Another blazing day dawned on Friday morning, and we met at the Bell in Horndon-on-the-Hill, a 15th Century coaching inn with a gruesome past: a blue plaque outside told us that in 1533 a local landowner was burned at the stake here for heresy. Thankfully the Bell was more welcoming to about 30 walkers, who, once suitably lathered in sun cream, set off in a crocodile to walk through the village.

Peter Woodard, who had devised all the routes (and was consequently dubbed ‘Extreme Leader’ for the occasion), led us out of the village in a loop in order to pass a historic site in English history. On the edge of the village lies a picturesque Elizabethan farmhouse, known as Saffron Gardens in reference to the flourishing saffron trade that went on here. It was once on the site of a small monastery called Cantis, and Elizabeth I slept here the night before her famous speech rallying the troops at Tilbury as they prepared to defend England from the Spanish Armada.

We returned to the village, passing the remnants of the windmill on the way to the Church of St Peter & St Paul, which dates back to the 13th Century. Sadly the church spire is looking slightly less beautiful than usual, and the weather vane at the top is covered in scaffolding and tarpaulin while repairs are carried out. We returned to the High Street via the 16th century Wool Market, a lovely, and well-used half-timbered building originally built to trade wool and cloth.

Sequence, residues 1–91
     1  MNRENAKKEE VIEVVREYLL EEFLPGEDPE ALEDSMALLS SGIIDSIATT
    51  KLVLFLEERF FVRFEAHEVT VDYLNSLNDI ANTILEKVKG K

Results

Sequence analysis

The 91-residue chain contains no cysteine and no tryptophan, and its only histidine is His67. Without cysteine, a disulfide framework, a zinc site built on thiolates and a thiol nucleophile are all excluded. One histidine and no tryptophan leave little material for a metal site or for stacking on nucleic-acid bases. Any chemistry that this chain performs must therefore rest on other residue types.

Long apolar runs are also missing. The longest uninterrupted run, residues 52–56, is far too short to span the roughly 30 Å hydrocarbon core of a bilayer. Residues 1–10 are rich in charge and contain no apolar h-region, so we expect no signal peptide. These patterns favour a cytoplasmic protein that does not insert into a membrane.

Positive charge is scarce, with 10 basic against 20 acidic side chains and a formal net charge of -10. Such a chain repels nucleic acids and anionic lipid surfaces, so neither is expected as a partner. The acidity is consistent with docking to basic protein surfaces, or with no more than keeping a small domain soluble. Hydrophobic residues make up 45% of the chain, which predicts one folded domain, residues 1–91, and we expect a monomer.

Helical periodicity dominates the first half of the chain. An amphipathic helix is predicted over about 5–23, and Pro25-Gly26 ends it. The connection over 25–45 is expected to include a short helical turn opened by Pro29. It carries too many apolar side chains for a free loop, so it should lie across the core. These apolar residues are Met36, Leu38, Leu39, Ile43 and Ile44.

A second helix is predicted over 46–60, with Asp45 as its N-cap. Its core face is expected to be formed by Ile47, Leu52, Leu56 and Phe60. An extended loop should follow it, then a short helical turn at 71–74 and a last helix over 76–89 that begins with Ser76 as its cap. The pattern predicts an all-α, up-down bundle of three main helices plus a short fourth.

Next stop was a visit to Horndon Primary School, where there was great excitement as we showed the Horndon flag to the children, some of whose designs had been chosen to feature on it. The children paraded the flag around the playground, and the designers accompanied us a short distance from the school to see us off at the edge of the village.

Leaving the village behind, we struck off across the wheat and onion fields towards Orsett, passing the site of the palace of Bishop Bonner, Bishop of London in the 16th Century, and another picturesque Elizabethan farm, Lorkins Farm. Arriving in Orsett village, we were glad of the hospitality of the Orsett Churches Centre, who opened their doors to the weary walkers, providing cold drinks and a cool room in which to eat our sandwiches! The hall also had the advantage of being situated across the road from two thriving pubs nearby, which some of our number visited.

The second half of our walk took us north towards Bulphan, where we enjoyed the big skies and fields of ripening wheat as far as the eye could see. Many of the footpaths are newly passable, thanks to work carried out in advance of this project, and are now clearly signposted so that others can enjoy them in future. After a long and hot walk under blazing sun, we arrived at Bulphan, passing the village church and the school where, earlier in the morning, Ali had presented the flag to children who had also contributed towards its design, and then back to the village hall where a Bluegrass Festival was in full swing. Another walk complete.

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